Hi all, appreciate some advice on Crank Selection for new Nimbus 29" Road uni about to purchase.
Prime intention to ride on “flat” path / road terrain and Speed is not the objective.
Am 2 months into Uni uptake with limited skill level still in development mode.
And upgrading from 24" cheap and cheerful eBay model I believe 150mm cranks
The Nimbus 29" comes with 125mm cranks.
Wondering whether to request longer cranks, and if so which size ?? and which manufacturer. ?? Or simply to run with the 125mm ??
As you would expect, am very excited about ordering and I want to modify cranks now if and where it makes sense to. … Cheers and appreciate insights. Jimmy
I use 150 on my Nimbus 29. I ride this muni on streets light trails. I have tried the 125’s but they just seem too short. The 150’s will give you more control. I would start with the 150’s until you get use to the 29.
Or you take KH Dual Spirits with two holes. Maybe 150/127.
But in my mind, the question is not which crank length is optimum for 29er on flat street but which length is comfortable for you? There are so many personal factors … just try.
It’s really personal preference and riding skill/technique. You probably won’t want shorter than 125 even for road, and you wouldn’t want much longer than 150 or 160 for muni. That’s why everyone keeps suggesting dual hole 125/150
5.5"/137/138/140/whatever seemed pretty much ideal when I started riding my 28" road uni with just a couple months’ unicycling experience. That’s on the limit of what I could handle going down hills in my neighborhood without having learned to use a brake. Going up hills was never a problem.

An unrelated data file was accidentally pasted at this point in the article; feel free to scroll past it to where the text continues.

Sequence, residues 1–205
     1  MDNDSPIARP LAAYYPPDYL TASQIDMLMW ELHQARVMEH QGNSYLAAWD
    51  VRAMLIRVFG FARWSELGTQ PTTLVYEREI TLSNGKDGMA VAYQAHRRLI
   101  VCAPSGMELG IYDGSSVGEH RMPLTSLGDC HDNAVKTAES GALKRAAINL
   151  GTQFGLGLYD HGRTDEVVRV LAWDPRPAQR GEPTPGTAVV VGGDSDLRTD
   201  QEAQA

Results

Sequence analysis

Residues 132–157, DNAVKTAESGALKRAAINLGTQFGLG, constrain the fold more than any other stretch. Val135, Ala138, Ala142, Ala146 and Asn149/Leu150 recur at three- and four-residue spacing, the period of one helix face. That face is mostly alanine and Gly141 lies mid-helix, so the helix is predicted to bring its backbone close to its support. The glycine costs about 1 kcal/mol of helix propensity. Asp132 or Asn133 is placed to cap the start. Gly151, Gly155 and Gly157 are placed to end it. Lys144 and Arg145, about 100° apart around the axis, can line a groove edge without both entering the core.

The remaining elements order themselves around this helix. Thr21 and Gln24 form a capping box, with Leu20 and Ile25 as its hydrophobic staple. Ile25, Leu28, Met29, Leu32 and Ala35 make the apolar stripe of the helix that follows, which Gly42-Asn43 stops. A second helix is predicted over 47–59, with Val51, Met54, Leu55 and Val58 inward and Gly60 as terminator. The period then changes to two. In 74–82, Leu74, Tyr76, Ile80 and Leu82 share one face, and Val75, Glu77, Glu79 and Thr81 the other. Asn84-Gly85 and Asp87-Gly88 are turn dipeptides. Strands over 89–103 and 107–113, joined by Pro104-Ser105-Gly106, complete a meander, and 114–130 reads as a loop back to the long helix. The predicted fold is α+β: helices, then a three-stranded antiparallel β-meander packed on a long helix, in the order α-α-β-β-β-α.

110/137 seems like it might be a better dual-hole solution if udc can be talked into an upgrade not listed in the drop-down. Lots of folks ride on the road with cranks as short as or shorter than 110. With it not being a mountain unicycle, I don’t see the usefulness of a 150 mm option.
As Dane mentioned it’s somewhat related to preference & riding skill. I very seldom use my 150 crank option on either my 29 or 36 but if I’m having a bad control day then I switch to the 150’s and things just seem to feel better.
At least with dual hole units (regardless of what combination you chose) you get some variety without having to pull the crank arms off.
Yeah this is exactly what I’ve been pondering for awhile. After getting the 127/150, I sorta like the 127s for the speed and smoother pedaling and 150 for the better control and easier stops and then I’m wondering why not have a bit of both and get 137.
I also would think that the 110/137 would be the most ideal combination if UDC lets you choose. The 110 would be fantastic for speed on the road and the 137 would satisfy those that want the inbetween of the 127/150 spirits.
But the dual hole suggestion in general is a sound idea even though that’s a $95 upgrade
Because it doesn’t work that way. You don’t get the benefit of both. It’s not like you gain control AND speed. You lose from both sides.